In 1910, Stephen Leacock wrote a short story called, “My Financial Career,” which began with the words, “When I go into a bank I get rattled. The clerks rattle me; the wickets rattle me; the sight of the money rattles me; everything rattles me.” Leacock expressed this reaction to a bank in a small Canadian town. What would he have made of the grand and intimidating Banque de France on the Boulevard Raspail?
Perhaps we should explain. We had received a 500-euro note from our bank in Canada. They didn’t have much in the way of choice, and we needed some cash for our trip, so we took it.
When the time came to change it, we entered an ordinary bank near our apartment. The teller was aghast. Surely we did not expect change for this note? No, no. Banks do not change money. What a preposterous idea!
We asked politely where we could change this troublesome note. The Banque de France and only the Banque de France was the answer.
The next day, we found ourselves on the Place de la Bastille, where there is a branch of the Banque de France. We entered. This itself is a process. Press a button. Wait. Enter a little airlock between two sets of doors. Perhaps decontamination occurs at this point. Push another button. Wait. Enter the bank.
We approached the teller and repeated our request. Ah non! Not this branch of the Banque de France! How could we have thought such a thing! No, no. We must go to the bank on the Boulevard Raspail. That is the one and only place in Paris to change a 500-euro note.
OK, fine. Whatever. It is close to the Bon Marché and we are always happy to visit the Grand Epicerie there. So we head to the Boulevard Raspail.
Now, it is important to time one’s arrival. The bank isn’t open just any old time to passersby. It opens at 8:45 a.m. and remains open until noon. At that point, the bankers need their lunch. It reopens at 1:30 p.m. and remains open until 5 p.m. But if you need the services of a teller, you must get there before 3:30 p.m., when the guichets (tellers’ wickets) close.
So far, so good. We arrive just before 3 p.m. We go through the airlock ritual and enter the bank. It is all heavy marble and dark wood and gloomy shadows. We see a desk labelled “Accueil” (welcome), but no one is there to welcome us. Somehow, we cannot imagine feeling welcomed to this oppressive spot.
On the desk we find forms that must be completed in order to carry out a cash exchange. Norman gets out a pen. (The bank does not supply one.) Date, name, first name, address, amount, origin of the funds, phone number, profession, signature. Proof of identity is required.
At the bottom of the form is written, “The lack of compulsory information will make the operation impossible.” (This is the bank’s translation, not ours.)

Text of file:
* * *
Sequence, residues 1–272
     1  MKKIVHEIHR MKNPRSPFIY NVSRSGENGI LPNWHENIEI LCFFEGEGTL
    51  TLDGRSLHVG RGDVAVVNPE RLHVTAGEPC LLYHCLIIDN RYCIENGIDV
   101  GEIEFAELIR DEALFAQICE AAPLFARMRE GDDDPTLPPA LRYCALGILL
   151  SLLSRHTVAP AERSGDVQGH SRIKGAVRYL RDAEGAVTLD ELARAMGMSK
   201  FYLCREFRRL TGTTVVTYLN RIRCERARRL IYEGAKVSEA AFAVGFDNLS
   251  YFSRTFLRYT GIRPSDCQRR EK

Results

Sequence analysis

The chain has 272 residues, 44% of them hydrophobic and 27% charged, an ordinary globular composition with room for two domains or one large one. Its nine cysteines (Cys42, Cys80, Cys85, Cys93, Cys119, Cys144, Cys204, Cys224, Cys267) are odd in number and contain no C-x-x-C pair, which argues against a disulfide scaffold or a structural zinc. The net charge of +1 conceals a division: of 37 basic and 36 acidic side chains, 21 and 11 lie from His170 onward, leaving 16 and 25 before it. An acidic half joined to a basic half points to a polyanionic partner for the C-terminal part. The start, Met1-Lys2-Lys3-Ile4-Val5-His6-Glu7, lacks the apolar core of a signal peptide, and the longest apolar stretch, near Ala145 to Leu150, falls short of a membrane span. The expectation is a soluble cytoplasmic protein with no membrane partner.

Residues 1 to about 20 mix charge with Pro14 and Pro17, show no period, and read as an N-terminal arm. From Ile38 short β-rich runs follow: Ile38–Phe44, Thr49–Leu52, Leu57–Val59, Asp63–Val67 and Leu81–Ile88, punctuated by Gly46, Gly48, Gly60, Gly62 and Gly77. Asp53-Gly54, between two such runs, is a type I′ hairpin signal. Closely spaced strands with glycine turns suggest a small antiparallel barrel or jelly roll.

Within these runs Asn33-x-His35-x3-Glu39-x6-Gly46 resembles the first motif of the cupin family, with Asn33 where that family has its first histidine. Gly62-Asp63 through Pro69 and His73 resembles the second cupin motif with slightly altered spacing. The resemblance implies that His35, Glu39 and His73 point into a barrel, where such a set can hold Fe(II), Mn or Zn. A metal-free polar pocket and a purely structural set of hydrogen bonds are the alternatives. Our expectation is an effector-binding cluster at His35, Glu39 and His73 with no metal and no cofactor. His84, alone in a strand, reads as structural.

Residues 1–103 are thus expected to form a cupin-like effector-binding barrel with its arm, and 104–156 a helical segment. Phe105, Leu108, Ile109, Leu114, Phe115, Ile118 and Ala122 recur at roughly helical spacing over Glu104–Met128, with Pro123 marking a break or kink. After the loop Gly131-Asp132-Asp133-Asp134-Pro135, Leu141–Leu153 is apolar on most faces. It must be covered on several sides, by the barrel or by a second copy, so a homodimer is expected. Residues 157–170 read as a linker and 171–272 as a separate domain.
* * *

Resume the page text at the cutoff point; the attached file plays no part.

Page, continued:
To one side are three guichets, enclosed in glass. Probably bullet-proof. Only two are staffed. A woman teller is occupied with a young man who has what appear to be large pouches of money. He has been there some time, we can tell, and he has the air of someone who expects to be there for even longer. He tries to make a cellphone call and the teller raps angrily on the glass. He is to desist, immediately. He promptly ends his call.
The other teller, a man, is engaged in a transaction with another customer. Across from the tellers are some benches with people sitting on them. They are formal and rigid, and when you sit on them, you feel like someone waiting for the outcome of a judgement in a courtroom. The benches imply that you are guilty.
After a while, we notice a little contraption that dispenses paper tickets with numbers on them. We tear off a numbered ticket and sit down again. Nothing happens for quite a while. Godot was here some time ago, but he left in despair.
Eventually, the male teller finishes with his customer, and a man from the bench steps forward eagerly. The teller motions for him to stay where he is. He freezes. After a while, it becomes clear that the teller is having computer difficulties. Time stands still.
Eventually, a woman member of staff approaches the benches of the accused. She says that the ordinateurs (computers) are hors de service (out of order). They might be working again in five minutes, or in an hour, or not for some time. She has no idea. Teller service is hereby suspended. She does not apologize for the inconvenience.
One might wonder why a computer is needed to change one cash note for a series of smaller notes. Presumably one’s passport must be scanned to determine whether one is wanted by Interpol. It is clear that someone with a 500-euro note is up to no good.
Norman says he will wait until 3:30 since we are here anyway. Philippa goes across the road to the Bon Marché to use the facilities. When she returns, there is a notice on the door.
No exchange today. We go home.
Norman goes back the following day on his own, and approaches a teller with a working computer. The man delivers something of a lecture on the inadvisability of travelling with such a monstrously large note. Norman replies with some feeling that he was not given a choice by his bank in Canada, and that Paris did not give him any choice in where to cash it. Standoff. Security is not summoned. This time.
Years ago, on our first visit, we used American Express travellers’ cheques, which we exchanged at the Amex office opposite the Opera. This was once a grand place to see and be seen, where people used to come to fetch their “post restante” mail and book tickets to exotic places. It gradually withered to a small hole-in-the-wall office, but it was still bright and cheery and the staff members were pleasant. Those were the days.
Well, our time at the Banque de France was, as they say, a learning experience. If you are reading this and planning a vacation in Paris, heed our advice: do not let your bank fob you off with cash in large denominations. Get nothing larger than a 50-euro note.
Text and photographs by Philippa Campsie and Norman Ball